THE MOUNTAIN OF SANCTUARIES
The Har Karkom mesa, surrounded by its precipices, appears from a distant vantage as a sharp, rectangular rise of desert. It is only 847 meters above sea level and 1246 meters above the present level of the Dead Sea, the depression of which can be seen on the horizon. Har Karkom dominates the surrounding Paran Desert; it is visible from the chains of Edom and Moab in Jordan, more than seventy kilometres away, and from Jebel Arif el-Naqe, thirty kilometres to the north-west. Located beyond the present-day Egyptian border, the latter is likely to be the biblical Mount Seir.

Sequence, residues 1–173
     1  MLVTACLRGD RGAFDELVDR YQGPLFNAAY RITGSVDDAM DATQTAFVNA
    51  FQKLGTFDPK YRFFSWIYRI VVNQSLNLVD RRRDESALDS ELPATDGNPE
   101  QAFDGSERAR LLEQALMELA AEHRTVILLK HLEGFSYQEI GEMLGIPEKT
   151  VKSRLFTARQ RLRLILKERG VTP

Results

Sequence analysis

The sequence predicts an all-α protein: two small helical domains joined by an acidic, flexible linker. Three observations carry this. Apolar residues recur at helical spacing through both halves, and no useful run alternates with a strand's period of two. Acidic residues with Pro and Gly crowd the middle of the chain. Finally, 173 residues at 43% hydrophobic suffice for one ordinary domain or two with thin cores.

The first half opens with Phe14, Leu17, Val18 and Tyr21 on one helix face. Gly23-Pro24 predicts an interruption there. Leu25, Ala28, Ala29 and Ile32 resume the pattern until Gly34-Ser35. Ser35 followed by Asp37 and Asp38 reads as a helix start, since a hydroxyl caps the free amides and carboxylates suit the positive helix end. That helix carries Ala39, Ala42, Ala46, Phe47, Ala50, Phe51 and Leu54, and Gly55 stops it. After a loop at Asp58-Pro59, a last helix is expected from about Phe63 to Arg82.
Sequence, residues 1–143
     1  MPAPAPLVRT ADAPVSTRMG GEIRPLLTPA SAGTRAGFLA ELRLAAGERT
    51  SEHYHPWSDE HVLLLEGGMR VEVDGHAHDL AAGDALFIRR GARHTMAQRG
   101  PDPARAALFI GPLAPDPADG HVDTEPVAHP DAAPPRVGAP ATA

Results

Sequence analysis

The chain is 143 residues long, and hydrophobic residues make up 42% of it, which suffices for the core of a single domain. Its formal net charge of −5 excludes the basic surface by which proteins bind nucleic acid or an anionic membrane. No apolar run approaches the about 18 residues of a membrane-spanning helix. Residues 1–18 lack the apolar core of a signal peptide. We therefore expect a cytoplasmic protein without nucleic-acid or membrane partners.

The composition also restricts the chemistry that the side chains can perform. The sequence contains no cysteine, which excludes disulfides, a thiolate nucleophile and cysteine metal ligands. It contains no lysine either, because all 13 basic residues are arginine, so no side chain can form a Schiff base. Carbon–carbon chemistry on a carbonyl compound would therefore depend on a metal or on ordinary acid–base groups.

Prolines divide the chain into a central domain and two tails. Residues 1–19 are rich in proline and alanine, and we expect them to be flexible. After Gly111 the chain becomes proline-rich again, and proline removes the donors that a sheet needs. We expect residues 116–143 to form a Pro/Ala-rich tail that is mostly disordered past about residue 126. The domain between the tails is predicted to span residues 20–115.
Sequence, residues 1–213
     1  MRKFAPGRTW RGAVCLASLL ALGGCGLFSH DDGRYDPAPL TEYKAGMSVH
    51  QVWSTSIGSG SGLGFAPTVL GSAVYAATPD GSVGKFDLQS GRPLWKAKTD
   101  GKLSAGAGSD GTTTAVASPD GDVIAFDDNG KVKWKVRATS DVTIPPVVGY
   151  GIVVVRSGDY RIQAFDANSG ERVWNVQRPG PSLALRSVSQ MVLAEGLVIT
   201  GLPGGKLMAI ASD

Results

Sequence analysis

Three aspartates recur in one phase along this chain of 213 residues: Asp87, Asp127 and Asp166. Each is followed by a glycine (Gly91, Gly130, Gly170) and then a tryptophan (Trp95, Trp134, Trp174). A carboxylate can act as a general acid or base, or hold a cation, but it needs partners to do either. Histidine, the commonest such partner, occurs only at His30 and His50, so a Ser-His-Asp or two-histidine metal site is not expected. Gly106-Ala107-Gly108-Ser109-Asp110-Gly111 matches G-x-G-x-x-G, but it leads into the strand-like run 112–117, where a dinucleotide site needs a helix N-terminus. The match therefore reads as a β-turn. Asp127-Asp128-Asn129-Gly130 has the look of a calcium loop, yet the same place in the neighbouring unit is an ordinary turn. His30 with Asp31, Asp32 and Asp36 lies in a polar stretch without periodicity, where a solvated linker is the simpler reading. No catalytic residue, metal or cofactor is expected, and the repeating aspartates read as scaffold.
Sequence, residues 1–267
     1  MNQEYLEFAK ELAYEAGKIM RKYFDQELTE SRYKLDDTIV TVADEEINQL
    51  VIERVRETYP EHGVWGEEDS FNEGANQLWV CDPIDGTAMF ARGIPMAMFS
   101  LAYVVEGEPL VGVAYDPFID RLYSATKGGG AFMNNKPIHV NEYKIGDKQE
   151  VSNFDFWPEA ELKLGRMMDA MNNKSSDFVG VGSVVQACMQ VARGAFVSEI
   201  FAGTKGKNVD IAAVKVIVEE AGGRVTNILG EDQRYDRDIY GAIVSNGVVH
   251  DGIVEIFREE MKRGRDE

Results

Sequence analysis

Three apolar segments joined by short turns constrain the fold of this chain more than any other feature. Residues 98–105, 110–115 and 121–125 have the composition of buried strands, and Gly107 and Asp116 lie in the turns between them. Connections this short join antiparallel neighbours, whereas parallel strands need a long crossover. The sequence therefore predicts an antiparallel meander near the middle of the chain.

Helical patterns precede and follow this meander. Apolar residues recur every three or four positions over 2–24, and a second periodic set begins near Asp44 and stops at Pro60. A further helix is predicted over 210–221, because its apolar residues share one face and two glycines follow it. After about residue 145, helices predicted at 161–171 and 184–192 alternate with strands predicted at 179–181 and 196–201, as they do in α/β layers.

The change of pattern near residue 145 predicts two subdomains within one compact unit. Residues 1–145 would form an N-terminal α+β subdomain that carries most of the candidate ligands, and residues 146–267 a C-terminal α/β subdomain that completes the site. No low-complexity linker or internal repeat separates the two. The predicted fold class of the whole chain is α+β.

Over fifty flint workshops from the Palaeolithic period are known on Har Karkom's plateau, which is a source of excellent quality flint. When The Mountain of God (1986) was published, before the recent study of the Palaeolithic sanctuary, it was suggested that the mountain had become a cult place in the Chalcolithic period. Flint at that time was being replaced by metal as a primary raw material for daily use. As a major source of flint, the mountain acquired a new dimension of centrality when flint's purpose was transformed from the production of tools of daily utility to knives for sacred rituals such as circumcision and sacrifices.